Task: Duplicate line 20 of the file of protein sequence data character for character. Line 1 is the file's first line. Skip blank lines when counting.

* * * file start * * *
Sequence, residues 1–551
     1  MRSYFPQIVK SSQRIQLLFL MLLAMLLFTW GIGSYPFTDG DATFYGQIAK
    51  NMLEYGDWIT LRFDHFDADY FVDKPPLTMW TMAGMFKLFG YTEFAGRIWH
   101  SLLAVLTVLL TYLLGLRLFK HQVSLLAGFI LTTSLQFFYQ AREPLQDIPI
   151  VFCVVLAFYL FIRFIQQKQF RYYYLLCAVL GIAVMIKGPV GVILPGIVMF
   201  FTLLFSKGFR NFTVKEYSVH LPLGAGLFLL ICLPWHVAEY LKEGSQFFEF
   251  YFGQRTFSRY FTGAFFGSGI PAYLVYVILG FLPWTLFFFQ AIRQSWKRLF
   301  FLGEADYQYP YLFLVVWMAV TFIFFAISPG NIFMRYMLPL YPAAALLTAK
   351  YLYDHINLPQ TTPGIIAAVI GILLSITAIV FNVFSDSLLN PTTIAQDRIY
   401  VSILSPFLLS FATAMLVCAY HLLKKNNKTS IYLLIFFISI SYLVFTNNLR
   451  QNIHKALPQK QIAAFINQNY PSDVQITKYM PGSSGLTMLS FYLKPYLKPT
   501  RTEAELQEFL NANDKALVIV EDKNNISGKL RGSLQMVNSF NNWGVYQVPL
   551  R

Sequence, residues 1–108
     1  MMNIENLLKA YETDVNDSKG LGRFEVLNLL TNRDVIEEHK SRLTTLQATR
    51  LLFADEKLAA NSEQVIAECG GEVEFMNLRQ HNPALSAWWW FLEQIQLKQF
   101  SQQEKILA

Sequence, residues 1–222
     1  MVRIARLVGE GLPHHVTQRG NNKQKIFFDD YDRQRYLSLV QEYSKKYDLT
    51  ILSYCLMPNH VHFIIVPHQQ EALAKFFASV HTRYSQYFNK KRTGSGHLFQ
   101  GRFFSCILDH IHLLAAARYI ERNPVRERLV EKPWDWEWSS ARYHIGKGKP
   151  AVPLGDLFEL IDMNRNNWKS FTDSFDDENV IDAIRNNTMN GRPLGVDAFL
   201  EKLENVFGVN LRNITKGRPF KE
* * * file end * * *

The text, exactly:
    51  ILSYCLMPNH VHFIIVPHQQ EALAKFFASV HTRYSQYFNK KRTGSGHLFQ